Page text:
Today’s subject is “The Best Book You Read Last Year.”
I had quite a bit of difficulty choosing my best read of 2010 as there isn’t a single book that really stood out above the rest (2011 will be much easier as I haven’t yet found anything to surpase The Passage).
I could take the easy route out and say, Harper Lee’s To Kill A Mockingbird. Many of my friends and family members are already aware that this is my all-time favorite book (a close second being The Grapes Of Wrath). Last year also happened to have been the 50th anniversary of the novel’s publication so it was in the news quite a bit. And, on a related note, it was back in the limelight just a couple of months ago when the U.S. Postal Service issued a stamp commemorating Gregory Peck as a “Legend of Hollywood” — the stamp portrayed the actor in his most famous role as Atticus Finch in the movie version of To Kill A Mockingbird. However, I’ve decided to disqualify the book in this category as it was a re-read (one of the few books I’ve ever read more than once).
Last year was also enriched with my “discovery” of the Harry Potter books. I managed to read all seven in the series prior to the theatrical release of “The Deathly Hallows (Part 1)”. While quite enjoyable, I’d be hard pressed to choose just one title above the others. I also began reading the Percy Jackson and the Olympians series which I feel falls way below J. K. Rowling’s books but still a lot of fun.
Indeed, the majority of the books I most enjoyed in 2010 were firmly in the Young Adult category (those “adult” novels I completed paled in comparsion with the exception of Craig Robertson’s debut, Random). The main reason for this apparent “return to childhood” was that the school in Thailand where I worked became involved with the Scholastic Book Clubs. As a reading teacher I assisted in every aspect of the ordering and distribution process and did a considerable amount of research on the books so I knew which ones to recommend to which students (across five or six grade levels). I ended up ordering a number of books myself including many Roald Dahls and the “essential” picture books that I’d missed out on during my own childhood.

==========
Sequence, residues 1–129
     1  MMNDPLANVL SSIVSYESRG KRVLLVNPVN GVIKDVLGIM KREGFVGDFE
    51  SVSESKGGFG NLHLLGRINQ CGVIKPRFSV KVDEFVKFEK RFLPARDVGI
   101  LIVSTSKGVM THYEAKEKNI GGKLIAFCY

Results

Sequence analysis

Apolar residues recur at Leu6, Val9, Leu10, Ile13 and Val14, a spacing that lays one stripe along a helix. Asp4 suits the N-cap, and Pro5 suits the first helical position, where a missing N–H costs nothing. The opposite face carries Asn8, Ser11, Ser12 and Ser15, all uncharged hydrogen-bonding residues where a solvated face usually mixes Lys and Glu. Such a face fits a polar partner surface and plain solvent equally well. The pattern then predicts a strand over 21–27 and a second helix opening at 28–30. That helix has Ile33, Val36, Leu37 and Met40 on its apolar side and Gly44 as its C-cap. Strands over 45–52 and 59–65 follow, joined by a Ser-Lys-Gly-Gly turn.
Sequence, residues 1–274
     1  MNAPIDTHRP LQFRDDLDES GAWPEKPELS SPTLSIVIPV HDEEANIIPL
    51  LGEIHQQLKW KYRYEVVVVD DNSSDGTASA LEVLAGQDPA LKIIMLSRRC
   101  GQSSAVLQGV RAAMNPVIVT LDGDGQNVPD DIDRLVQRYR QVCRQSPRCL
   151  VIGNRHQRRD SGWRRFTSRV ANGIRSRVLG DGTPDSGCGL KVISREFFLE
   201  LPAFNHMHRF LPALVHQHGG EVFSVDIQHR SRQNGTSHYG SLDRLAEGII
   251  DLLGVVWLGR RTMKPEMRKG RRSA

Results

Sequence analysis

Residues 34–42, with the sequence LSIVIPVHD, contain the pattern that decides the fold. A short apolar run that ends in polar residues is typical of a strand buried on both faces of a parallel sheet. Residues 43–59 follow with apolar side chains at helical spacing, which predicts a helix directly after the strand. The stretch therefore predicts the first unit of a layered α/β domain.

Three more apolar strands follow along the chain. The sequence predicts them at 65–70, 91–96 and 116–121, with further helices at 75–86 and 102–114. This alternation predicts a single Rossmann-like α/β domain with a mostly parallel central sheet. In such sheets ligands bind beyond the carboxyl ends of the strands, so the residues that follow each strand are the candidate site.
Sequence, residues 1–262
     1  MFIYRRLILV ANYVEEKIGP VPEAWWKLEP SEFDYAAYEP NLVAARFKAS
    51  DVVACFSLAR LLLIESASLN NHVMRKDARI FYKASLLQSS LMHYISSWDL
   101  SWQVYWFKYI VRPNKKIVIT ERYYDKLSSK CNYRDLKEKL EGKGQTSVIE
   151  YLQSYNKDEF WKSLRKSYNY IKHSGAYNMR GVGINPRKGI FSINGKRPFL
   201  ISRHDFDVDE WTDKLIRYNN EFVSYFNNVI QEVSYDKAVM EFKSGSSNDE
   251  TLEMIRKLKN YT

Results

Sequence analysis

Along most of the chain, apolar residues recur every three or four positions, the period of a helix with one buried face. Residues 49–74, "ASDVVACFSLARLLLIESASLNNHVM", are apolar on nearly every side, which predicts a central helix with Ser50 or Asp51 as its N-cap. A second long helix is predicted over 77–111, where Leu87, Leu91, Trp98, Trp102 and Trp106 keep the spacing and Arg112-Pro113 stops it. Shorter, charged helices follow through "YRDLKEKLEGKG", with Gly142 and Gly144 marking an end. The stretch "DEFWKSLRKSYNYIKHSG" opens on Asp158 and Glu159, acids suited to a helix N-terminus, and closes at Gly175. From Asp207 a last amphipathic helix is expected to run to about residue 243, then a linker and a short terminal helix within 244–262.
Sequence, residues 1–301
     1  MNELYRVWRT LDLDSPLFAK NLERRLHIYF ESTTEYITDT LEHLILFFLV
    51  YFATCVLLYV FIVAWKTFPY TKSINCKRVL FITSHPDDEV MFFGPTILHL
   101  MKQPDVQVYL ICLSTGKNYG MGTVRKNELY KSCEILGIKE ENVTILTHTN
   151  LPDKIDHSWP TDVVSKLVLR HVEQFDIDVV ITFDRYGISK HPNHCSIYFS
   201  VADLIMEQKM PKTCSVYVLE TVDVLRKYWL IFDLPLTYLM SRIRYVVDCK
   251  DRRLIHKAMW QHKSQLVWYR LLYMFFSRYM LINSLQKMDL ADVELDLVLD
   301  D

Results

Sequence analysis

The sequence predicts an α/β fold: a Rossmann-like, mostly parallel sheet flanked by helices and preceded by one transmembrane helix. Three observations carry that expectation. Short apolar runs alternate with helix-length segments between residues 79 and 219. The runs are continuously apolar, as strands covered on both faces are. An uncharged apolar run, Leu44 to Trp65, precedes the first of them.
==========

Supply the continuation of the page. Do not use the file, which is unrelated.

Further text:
Out of these brings me to my choice for “the best book I read last year”: The Graveyard Book. I enjoyed every aspect of the plot, setting, and characters. I’m already planning a re-read for later in the year (perhaps around Halloween) — a rarity for me as I’ve mentioned. The book thankfully introduced me to the wonderful storytelling of Neil Gaiman — I’d previously known him only as a friend of Tori Amos’ (herself someone I’d befriended while she was in New Mexico recording her second album). Within a month I’d read another of his spooky “kids” books — Coraline — as well as a number of his short stories. I’m about ready to tackle one of his adult novels.